## Working with numbers and statistics

### June 3, 2009

Just received my copy of Working with Numbers and Statistics, a “handbook for journalists”, by Charles Livingston and Paul Voakes.

As the subtitle suggests, this – like Math Tools for Journalists – is aimed squarely at the working journalist and the budding reporter, and as a consequence covers much of the same ground: averages, working with data, business reporting, and statistics. Also like Math Tools, it is written from an American perspective, which means some of the content (such as the table summarising the CPI from 1920-2004) is of limited value to a UK audience, although the underlying principles are equally relevant, of course.

It’s a well-ordered and written, if brief (113 pages) work, with plenty of relevant, worked examples. I found the lack of exercices a distinct downside, although in fairness the authors do explain their decision (“This book is not designed as a … textbook”) . Again, a list of further reading or bibliography would have been welcome, but perhaps that’s just me!

One aspect of the book which many will find useful is the conceptual ground covered. Not only does the book examine manipulation of data sets but it goes on to talk about correlation, hypothesis testing, causality and the rules of inference – that is, what conclusions can legimately be drawn from the data. For example, a section on logical implication succinctly demonstrates that the implication “if A then B” only works one-way and does not justify us concluding that “if B then A”.  This may seems an artificial construction, but just count the number of times you’ll hear sports journalists say (imaginary example!): “United haven’t won the title in any season when they failed to beat Fulham by fewer than two goals, so today’s 1-0 win must damage their title chances” – the fact may be odd, but there’s no reason to think the 1-0 scoreline will have any bearing on the outcome of the title race.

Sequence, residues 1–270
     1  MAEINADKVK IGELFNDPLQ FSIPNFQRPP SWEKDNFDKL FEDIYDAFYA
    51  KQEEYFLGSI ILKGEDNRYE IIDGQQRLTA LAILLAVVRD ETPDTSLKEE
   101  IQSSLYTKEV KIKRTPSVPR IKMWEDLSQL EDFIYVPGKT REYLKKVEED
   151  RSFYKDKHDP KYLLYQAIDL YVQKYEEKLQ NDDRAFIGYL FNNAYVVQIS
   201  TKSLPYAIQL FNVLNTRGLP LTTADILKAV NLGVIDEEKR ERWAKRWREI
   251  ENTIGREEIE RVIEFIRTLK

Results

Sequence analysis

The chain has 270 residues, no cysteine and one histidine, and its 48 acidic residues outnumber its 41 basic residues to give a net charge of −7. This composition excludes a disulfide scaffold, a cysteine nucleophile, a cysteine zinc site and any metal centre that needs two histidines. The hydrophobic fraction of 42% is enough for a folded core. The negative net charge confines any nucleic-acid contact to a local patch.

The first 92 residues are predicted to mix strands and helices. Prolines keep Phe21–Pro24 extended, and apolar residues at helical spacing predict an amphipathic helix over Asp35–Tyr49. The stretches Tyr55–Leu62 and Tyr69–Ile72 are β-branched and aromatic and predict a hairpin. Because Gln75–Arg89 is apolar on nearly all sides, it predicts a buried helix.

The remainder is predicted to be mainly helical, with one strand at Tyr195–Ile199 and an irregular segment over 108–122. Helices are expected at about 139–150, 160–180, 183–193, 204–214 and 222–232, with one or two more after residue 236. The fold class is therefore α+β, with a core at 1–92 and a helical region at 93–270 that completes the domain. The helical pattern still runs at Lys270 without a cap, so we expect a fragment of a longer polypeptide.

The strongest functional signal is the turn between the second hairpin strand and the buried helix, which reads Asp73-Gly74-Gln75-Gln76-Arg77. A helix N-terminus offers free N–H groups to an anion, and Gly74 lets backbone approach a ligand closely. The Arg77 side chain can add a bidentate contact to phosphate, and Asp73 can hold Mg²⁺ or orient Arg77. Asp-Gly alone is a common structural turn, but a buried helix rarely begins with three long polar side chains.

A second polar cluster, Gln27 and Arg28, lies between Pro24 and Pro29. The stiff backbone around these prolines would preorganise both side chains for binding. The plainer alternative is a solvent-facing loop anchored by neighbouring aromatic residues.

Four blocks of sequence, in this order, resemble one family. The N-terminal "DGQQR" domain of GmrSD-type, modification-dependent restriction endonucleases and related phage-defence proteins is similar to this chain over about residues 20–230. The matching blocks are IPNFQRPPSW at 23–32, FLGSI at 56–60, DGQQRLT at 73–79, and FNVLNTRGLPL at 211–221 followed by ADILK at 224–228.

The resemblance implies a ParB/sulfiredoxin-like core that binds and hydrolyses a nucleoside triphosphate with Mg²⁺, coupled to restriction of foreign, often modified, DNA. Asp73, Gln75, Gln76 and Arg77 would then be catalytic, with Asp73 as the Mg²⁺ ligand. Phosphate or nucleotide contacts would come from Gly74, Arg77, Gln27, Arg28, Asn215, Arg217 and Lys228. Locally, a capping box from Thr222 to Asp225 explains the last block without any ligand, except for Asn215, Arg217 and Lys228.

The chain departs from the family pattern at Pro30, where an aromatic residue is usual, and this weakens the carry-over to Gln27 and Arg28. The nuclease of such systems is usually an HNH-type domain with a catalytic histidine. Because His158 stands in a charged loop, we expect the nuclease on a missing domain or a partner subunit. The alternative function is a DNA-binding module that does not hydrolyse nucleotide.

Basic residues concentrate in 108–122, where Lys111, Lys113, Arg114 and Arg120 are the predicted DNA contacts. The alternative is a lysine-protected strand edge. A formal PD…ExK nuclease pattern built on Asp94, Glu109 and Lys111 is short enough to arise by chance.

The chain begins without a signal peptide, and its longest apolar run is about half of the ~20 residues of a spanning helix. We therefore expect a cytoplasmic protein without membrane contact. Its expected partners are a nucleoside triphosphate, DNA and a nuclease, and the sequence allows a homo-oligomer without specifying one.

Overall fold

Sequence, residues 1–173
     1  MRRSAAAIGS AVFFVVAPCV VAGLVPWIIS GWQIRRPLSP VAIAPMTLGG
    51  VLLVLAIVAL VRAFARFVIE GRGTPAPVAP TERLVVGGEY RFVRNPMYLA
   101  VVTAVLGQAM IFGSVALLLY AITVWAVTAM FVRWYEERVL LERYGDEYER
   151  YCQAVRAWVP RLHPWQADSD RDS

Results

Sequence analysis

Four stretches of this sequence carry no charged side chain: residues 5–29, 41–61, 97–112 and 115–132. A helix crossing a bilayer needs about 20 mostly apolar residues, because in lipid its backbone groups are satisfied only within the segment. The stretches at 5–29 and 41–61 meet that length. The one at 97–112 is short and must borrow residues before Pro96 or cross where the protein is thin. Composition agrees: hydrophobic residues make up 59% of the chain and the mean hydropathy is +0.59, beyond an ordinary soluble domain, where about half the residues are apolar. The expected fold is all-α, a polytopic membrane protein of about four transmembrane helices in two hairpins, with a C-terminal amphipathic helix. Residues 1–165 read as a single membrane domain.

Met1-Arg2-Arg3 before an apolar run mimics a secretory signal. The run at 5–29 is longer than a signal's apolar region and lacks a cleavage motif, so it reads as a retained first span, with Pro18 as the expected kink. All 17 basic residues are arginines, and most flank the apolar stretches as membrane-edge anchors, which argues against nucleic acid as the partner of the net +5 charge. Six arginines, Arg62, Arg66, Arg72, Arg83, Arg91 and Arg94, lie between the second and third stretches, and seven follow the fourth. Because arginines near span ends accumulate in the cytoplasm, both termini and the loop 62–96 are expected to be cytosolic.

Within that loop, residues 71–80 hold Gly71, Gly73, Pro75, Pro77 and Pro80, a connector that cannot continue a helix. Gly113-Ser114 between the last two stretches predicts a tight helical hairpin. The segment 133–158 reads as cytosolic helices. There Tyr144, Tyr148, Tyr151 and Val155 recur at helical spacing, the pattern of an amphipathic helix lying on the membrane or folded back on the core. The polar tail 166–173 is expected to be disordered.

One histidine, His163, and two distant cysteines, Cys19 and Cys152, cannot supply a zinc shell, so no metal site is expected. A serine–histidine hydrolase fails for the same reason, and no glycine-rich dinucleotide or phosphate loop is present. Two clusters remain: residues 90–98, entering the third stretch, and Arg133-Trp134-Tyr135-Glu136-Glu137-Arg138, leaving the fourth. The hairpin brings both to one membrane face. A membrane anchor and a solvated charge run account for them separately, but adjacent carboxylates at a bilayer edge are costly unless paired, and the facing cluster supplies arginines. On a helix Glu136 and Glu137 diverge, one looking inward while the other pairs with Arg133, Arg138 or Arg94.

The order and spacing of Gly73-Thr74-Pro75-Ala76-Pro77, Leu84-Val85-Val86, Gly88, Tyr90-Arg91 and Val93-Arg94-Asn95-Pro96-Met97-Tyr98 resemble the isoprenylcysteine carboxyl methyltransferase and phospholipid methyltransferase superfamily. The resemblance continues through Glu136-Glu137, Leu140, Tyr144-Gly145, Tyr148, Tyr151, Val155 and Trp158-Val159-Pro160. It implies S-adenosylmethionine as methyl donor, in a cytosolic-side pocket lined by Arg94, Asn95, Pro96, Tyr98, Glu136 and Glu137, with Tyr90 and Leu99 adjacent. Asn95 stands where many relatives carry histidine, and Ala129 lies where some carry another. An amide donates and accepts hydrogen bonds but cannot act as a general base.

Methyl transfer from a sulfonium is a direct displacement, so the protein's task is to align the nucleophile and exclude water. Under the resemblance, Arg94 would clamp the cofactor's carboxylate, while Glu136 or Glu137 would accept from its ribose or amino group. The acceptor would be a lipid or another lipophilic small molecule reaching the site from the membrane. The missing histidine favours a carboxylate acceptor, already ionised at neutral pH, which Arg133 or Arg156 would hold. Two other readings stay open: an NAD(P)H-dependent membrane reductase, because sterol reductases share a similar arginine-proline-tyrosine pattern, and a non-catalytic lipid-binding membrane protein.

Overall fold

This conceptual work is neatly summarised in a chapter on fallacies and cautions, which should be required reading for all journalists (and their editors!).

Perhaps a section on CAR (Computer Assisted Reporting) could be included in subsequent editions, as part of the chapter on spreadsheets, although there is no shortage of textbooks covering this topic.

There is only point where I would quibble with the authors – they claim that in Great Britain, a “billion” is defined as a million million (10¹²), unlike the US definition of a thousand million. While that may be technically true (ie, the dictionary definition), in practice we Brits bowed to the inevitable some time ago and have long accepted the US value.

Working with Numbers and Statistics, A Handbook for Journalists by Charles Livingston and Paul Voakes is published in the UK by Taylor & Francis, £12.99

(Note: for those wanting to use UK CPI data, the Office for National Statistics site contains plenty of helpful spreadsheets)